Chickpea and lentil salad sandwich: two thumbs up from Centre 507
By Marisa Romano
Tucked in behind the back wall of the sanctuary of Centretown United Church at 507 Bank Street, just north of the Queensway, is an adult drop-in centre: Centre 507. It has been operating since 1983, helping anyone who seeks a safe, friendly and supportive environment to overcome life’s challenges, from temporary job loss to homelessness and addiction.
Centre 507 works in partnership with several Ottawa health agencies and institutions, and with the support of many individuals, small businesses and organizations, to offer a variety of health and recreational programs to the 80 to 165 people who visit the centre daily. Executive director Richard LeBlanc, a few paid staff and many dedicated volunteers, some of who are Glebe residents, run the centre.
I first met Richard at the Centre’s annual fundraising dinner last fall and inquired about volunteering opportunities. My primary interest, I disclosed, was to increase the usage of pulses, the dry seeds of legumes, in the centre’s kitchen and help Pulse Canada (www.pulsecanada.com) with its food security project. This project, to be launched later this year, aims to boost the nutritional value of frugal meals offered by soup and community kitchens by providing guidance on the use of dry legumes. Shortly after my initial encounter with Richard, I stepped into the kitchen of Centre 507, started “talking pulses” and obtained full support from Kitty Galt, the brains behind meal organization at Centre 507.
The surprisingly small kitchen hidden in the back corner of the spacious dining area produces hundreds of bowls of steaming hearty soups, nutritious salads and, on Sundays, a nourishing breakfast which includes cereals, boiled eggs and a choice of sandwiches. The food is provided by the Ottawa Food Bank, or is purchased by the Centre with city funding or donated by small businesses or churches, including some located in the Glebe. All food donations are appreciated by both cooks and diners, and are added to the wholesome soups or are offered as extra treats at mealtime.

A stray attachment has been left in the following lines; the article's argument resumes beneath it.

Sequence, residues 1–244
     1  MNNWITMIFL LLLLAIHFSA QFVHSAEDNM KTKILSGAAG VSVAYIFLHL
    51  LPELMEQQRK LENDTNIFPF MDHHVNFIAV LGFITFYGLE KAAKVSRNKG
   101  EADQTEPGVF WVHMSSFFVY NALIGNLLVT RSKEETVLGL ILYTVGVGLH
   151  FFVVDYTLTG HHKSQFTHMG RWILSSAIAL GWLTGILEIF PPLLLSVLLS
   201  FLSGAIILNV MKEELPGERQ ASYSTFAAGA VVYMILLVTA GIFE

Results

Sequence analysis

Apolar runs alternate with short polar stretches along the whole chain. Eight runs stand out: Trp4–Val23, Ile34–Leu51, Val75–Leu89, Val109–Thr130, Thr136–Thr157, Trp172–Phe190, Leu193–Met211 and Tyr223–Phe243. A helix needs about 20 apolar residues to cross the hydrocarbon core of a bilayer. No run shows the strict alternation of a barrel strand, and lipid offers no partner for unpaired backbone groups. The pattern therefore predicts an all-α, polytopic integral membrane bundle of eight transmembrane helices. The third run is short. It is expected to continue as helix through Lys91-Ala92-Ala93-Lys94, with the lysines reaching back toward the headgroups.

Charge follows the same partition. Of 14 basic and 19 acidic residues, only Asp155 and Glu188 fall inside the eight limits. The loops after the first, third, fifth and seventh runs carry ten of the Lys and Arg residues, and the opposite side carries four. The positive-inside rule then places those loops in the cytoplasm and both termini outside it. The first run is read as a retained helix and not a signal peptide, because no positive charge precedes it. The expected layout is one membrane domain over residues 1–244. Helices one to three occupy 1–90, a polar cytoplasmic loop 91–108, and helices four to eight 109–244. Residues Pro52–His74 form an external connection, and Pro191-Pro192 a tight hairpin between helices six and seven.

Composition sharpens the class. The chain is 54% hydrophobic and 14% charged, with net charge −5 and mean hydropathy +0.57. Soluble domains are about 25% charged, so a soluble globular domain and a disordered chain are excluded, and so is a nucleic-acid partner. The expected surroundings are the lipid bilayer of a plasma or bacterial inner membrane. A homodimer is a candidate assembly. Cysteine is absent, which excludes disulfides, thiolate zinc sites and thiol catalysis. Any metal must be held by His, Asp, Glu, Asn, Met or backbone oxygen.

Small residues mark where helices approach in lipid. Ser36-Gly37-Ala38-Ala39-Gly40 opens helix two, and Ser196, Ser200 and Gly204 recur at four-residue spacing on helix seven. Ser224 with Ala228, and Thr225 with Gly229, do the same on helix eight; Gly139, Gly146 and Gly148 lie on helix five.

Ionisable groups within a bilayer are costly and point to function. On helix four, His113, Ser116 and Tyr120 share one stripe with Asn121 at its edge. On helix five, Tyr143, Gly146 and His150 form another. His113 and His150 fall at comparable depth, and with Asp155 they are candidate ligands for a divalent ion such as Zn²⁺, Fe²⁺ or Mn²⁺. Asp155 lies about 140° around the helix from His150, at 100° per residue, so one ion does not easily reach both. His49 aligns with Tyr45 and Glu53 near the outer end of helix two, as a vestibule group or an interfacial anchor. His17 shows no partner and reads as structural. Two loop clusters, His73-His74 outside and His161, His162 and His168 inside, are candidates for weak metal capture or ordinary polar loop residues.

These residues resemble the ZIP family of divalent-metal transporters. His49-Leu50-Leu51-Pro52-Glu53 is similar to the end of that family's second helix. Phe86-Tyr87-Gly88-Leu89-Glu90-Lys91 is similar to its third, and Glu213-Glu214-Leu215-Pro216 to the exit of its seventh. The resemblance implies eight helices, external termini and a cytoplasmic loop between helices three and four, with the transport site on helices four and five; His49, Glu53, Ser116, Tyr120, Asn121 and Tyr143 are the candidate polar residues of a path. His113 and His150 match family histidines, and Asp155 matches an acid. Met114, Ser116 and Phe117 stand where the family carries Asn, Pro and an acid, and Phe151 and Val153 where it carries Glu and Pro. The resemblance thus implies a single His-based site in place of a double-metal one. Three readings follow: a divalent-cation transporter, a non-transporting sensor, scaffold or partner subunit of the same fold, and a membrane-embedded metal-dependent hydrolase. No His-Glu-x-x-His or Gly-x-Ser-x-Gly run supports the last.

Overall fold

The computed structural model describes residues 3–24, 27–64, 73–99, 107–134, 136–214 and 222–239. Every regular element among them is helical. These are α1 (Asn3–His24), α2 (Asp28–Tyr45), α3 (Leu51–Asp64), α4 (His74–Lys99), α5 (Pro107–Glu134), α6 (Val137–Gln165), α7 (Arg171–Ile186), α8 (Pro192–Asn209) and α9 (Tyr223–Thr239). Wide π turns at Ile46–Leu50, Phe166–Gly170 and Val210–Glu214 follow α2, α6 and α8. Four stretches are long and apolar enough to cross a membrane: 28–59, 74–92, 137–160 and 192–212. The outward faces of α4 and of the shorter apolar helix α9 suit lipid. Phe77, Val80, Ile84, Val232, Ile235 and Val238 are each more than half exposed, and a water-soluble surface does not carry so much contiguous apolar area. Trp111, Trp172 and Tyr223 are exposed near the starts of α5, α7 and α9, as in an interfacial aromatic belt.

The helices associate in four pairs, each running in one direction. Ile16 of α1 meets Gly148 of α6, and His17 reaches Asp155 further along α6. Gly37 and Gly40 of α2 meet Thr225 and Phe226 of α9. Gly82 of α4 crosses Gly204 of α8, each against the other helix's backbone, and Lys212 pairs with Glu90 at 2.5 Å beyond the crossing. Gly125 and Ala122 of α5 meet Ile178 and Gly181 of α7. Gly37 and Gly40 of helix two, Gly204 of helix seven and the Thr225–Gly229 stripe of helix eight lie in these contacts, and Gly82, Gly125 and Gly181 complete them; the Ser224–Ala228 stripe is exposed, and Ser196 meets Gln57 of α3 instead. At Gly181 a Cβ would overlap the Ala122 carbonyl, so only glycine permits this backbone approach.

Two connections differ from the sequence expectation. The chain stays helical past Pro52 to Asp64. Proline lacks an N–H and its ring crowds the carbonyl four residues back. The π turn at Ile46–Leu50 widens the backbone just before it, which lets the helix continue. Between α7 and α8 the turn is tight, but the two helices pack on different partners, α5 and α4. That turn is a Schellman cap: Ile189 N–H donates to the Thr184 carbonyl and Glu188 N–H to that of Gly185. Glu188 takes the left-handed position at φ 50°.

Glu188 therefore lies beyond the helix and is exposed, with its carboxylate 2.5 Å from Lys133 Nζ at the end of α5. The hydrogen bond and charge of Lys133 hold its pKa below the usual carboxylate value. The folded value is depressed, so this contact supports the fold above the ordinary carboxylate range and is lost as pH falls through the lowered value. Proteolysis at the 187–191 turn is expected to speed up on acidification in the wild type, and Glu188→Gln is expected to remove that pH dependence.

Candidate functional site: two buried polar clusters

The kitchen introduced a new item to the Sunday menu, a chickpea and lentil salad sandwich in late November, with Kitty’s full support. Based on a recipe that won first prize in a national competition launched by Lentils.ca last year (www.ilovevegan.com/lentil-chickpea-salad-sandwiches/), the revised formula replaces some of the ingredients of the original mix to match the options available in a community kitchen setting.
The other volunteers gathered, eager to taste the intriguing combination when one gray Sunday in late November I arrived at Centre 507 with a big bowl of the mix and crackers. They dipped in the crackers, licked their fingers, smiled and nodded in approval. Patrons sampled the mix on sandwiches while in line by the kitchen window. Some encouraged the sceptical to taste: “This is good! … And so good for you!” And some thanked the kitchen crew for offering a refreshing alternative to the bologna, tuna and cheese staples. By clean-up time, all the sandwiches were gone. The chickpea lentil salad sandwich had received two thumbs up from Centre 507 staff and patrons. Since then, this recipe has made its appearance on the Centre’s menu several times.
Chickpea and lentil salad sandwich recipe
1 cup cooked chickpeas
1/2 cup cooked red lentils (*)
¼ cup celery, finely chopped
¼ cup carrot, grated
¼ green pepper, finely chopped
¼ cup red onions, finely chopped
2 medium dill pickles, finely chopped
1-2 tbsp mayonnaise
Salt and pepper, to taste
Lightly mash chickpeas with a fork. Add the lentils, finely chopped vegetables, mayo, salt, pepper, and mix thoroughly.
Blend about 1/3 of the mixture and mix thoroughly to even out the texture.
NOTE: Chilling for a couple of hours before serving helps the flavours to blend.
Serve this salad with crackers for a quick healthy snack, as an appetizer (add chili powder for some buzz), or in sandwiches with a leaf of lettuce.
(*) Approx. 1/4 cup dry red lentils (split) = 1/2 cup cooked. Rinse 1/4 cup dry red lentils (split), and cook in 1/2 cup of unsalted water for 5-10 minutes (until lentils are just tender.)
As always, Centre 507 welcomes donations of dry or canned beans, lentils, chickpeas and dry peas that provide the basis for the many wholesome soups that simmer daily on the stove of the small kitchen. Donations can be dropped off during regular hours of operation. www.centre507.org.
Marisa Romano is a Glebe resident and former scientist working with Pulse Canada to spread the word about pulses, the dry seeds of legumes, the superfood of the future, during this International Year of Pulses.